TTHealthWatch is a weekly podcast from Texas Tech. In it, Elizabeth Tracey, director of electronic media for Johns Hopkins Medicine in Baltimore, and Rick Lange, MD, president of the Texas Tech University Health Sciences Center in El Paso, look at the top medical stories of the week.
This week’s topics include giving radiation after breast-conserving surgery in breast cancer, respiratory syncytial virus (RSV) vaccines in adults, FDA approvals of drugs, and screening for genital herpes.
1:38 Pre-fusion F protein
2:38 Big problem in adults
3:15 Screening for genital herpes
4:15 Neonatal outcomes
4:45 FDA approved drugs not recommended for use in other countries
5:44 Five approved drugs refused
6:45 Domestic approval process different
7:45 210 new drugs approved with null findings
8:45 Hard clinical endpoints
9:17 Radiation or not in early breast cancer
10:17 Followed for 10 years
Elizabeth: Vaccines for RSV in adults.
Rick: Refining breast cancer therapy so we don’t need radiation.
Elizabeth: Let’s look a little more closely at FDA approvals of drugs and their prices and their utility.
Rick: And should we be doing blood screening for genital herpes?
Elizabeth: That’s what we’re talking about this week on TTHealthWatch, your weekly look at the medical headlines from Texas Tech University Health Sciences Center in El Paso. I’m Elizabeth Tracey, a Baltimore-based medical journalist.
Rick: And I’m Rick Lange, president of Texas Tech University Health Sciences Center in El Paso, where I’m also dean of the Paul L. Foster School of Medicine.
Elizabeth: Rick, how about if we turn right to the New England Journal of Medicine? These are two studies that we’re going to treat together and they are taking a look at two vaccine candidates for respiratory syncytial virus (RSV) in adults.
I’d like to first draw attention to the editorial, interestingly, because it educated me about RSV in adults. I had no idea that it was a major cause of death that rivals seasonal influenza among frail, older adults.
There is of course, a really big need to develop vaccines for this. These are two vaccine candidates that are in two different types of trials. One of them is a phase II and the other one is a phase III. In one of them, they had just shy of 25,000 participants, and this is an RSVPreF3 OA vaccine.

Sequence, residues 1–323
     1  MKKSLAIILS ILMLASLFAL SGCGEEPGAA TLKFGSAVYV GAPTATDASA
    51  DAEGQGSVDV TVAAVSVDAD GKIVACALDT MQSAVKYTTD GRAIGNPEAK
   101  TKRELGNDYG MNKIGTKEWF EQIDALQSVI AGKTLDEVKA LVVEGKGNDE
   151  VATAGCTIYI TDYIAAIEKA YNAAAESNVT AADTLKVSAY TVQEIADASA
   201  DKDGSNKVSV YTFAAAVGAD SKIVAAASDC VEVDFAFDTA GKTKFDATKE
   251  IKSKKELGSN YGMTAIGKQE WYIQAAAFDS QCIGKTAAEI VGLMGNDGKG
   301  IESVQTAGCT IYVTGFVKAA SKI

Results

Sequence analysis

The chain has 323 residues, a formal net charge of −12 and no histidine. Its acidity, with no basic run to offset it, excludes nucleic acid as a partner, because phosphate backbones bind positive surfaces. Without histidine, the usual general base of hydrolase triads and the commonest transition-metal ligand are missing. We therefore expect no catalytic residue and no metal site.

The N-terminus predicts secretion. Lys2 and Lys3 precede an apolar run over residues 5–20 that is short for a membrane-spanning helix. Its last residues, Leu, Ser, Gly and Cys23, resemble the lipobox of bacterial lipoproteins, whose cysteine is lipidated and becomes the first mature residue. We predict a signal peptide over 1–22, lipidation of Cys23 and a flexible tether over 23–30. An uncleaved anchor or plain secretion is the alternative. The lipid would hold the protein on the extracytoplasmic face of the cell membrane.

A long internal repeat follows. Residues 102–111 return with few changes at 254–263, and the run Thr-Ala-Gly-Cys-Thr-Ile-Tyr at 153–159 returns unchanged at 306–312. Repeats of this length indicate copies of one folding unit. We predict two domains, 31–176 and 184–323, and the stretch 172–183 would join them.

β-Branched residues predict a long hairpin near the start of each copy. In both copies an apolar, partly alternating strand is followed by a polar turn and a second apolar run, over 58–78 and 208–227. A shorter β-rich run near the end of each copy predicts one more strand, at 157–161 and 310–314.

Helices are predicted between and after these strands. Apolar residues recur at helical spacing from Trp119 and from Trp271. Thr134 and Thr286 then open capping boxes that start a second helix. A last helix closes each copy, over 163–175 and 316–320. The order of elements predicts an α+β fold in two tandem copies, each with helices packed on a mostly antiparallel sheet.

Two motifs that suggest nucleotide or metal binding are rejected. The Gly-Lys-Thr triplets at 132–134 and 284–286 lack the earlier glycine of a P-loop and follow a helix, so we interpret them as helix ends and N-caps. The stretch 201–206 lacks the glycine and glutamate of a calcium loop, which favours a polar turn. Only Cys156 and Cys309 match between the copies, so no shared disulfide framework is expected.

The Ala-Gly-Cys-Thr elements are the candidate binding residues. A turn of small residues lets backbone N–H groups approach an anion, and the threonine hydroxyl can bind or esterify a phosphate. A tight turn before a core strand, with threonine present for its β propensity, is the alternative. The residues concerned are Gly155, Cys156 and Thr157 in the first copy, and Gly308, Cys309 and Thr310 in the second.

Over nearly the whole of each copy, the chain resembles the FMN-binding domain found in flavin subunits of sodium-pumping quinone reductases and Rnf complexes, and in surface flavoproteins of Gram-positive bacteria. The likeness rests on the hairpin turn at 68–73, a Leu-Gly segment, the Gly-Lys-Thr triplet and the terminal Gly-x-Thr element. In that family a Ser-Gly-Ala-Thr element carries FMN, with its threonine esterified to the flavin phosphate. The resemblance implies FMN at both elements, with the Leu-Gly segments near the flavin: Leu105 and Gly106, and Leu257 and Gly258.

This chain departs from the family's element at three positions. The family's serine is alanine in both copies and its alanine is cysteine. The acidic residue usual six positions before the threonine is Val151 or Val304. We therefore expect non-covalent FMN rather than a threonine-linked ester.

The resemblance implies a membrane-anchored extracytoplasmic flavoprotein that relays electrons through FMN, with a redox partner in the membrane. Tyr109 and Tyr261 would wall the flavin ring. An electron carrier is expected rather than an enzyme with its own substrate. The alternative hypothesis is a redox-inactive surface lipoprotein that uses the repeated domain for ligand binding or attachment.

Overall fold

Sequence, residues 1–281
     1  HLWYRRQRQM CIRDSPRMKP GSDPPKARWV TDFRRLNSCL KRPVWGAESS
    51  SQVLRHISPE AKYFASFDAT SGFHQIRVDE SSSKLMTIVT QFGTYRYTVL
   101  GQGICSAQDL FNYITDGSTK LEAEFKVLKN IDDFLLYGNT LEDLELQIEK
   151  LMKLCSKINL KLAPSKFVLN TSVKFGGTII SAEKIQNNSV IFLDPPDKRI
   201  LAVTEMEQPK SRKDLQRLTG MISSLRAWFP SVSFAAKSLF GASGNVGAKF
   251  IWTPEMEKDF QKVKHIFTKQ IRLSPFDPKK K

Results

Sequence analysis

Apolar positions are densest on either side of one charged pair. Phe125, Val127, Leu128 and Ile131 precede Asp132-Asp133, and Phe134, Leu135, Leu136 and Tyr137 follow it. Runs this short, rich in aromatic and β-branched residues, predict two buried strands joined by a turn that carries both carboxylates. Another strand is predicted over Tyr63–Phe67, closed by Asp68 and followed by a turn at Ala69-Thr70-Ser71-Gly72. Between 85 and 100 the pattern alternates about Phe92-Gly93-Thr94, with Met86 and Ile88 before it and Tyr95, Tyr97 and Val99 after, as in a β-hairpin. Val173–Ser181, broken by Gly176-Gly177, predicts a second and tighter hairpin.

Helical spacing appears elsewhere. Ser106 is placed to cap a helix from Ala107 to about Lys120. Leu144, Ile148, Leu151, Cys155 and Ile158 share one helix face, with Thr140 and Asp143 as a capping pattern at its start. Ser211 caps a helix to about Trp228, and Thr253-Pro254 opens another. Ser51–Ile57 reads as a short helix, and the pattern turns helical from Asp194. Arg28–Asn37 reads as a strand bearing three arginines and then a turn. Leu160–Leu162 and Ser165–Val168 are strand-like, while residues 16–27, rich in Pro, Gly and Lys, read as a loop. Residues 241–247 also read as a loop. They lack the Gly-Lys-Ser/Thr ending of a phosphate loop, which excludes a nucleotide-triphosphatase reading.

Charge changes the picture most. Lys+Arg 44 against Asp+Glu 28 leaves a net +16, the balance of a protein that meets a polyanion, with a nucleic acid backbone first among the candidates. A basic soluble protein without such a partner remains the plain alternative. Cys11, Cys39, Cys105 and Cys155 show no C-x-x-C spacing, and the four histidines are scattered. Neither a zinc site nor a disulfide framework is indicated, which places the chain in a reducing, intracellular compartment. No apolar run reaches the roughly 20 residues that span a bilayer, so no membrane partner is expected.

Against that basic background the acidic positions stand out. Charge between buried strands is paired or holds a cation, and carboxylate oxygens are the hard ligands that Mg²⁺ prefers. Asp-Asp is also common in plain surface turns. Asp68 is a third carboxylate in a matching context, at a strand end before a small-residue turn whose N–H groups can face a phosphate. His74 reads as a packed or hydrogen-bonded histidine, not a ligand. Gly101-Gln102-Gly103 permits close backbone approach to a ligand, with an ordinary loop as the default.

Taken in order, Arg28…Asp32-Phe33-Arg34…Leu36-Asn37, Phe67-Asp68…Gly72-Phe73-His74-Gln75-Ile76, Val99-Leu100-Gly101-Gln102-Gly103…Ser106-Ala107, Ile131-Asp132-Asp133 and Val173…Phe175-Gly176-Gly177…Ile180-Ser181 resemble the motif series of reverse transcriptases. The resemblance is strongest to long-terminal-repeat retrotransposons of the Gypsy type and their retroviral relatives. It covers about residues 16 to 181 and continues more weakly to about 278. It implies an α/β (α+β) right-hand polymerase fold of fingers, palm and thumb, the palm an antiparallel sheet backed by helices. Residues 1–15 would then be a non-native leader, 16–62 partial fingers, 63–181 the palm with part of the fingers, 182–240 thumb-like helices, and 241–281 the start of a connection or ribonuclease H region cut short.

Wow, that’s a lot of stuff. Basically, what it reflects is the fact that in studying respiratory syncytial virus, it became clear that the prefusion F protein, the thing that is there on the virus before it fuses to cells and becomes infectious, is the thing against which we really need to direct these antibodies. This is the one that’s in the phase III trial.
They were able to prevent RSV-related lower respiratory tract disease in almost 83% of these folks. Their efficacy was 94%. Prevention of severe RSV-related lower respiratory tract disease was almost 72%. They didn’t have a whole lot of adverse vaccine side effects.
The next one, also using the prefusion F protein and an adenovirus vector, was a phase II trial just shy of 6,000 participants. In this one, they calculate their efficacy at 80%, a similar kind of a side effect picture.
Rick: I think that’s terrific news. By the age of 3, pretty much everybody has had an RSV infection, but as you mentioned, it’s a big problem in adults as well. As you mentioned, really little in the way of side effects, some local side effects, but really nothing systemic. It’s effective in the much older individuals. These are the ones that have fewer T-cells and are less likely to be able to fight off the infection. I would be very surprised if these aren’t out on the market pretty soon.
Elizabeth: Many of these folks also had comorbidities that would predict a more severe outcome from RSV disease. They also were able to tolerate this vaccine just fine.
Rick: Yeah. They decreased the risk of infection and the severity of infection across all morbidities and across all age groups over the age of 60.
Elizabeth: Let’s turn then to JAMA and take a look at this issue from the USPSTF. Should we be screening people for genital herpes?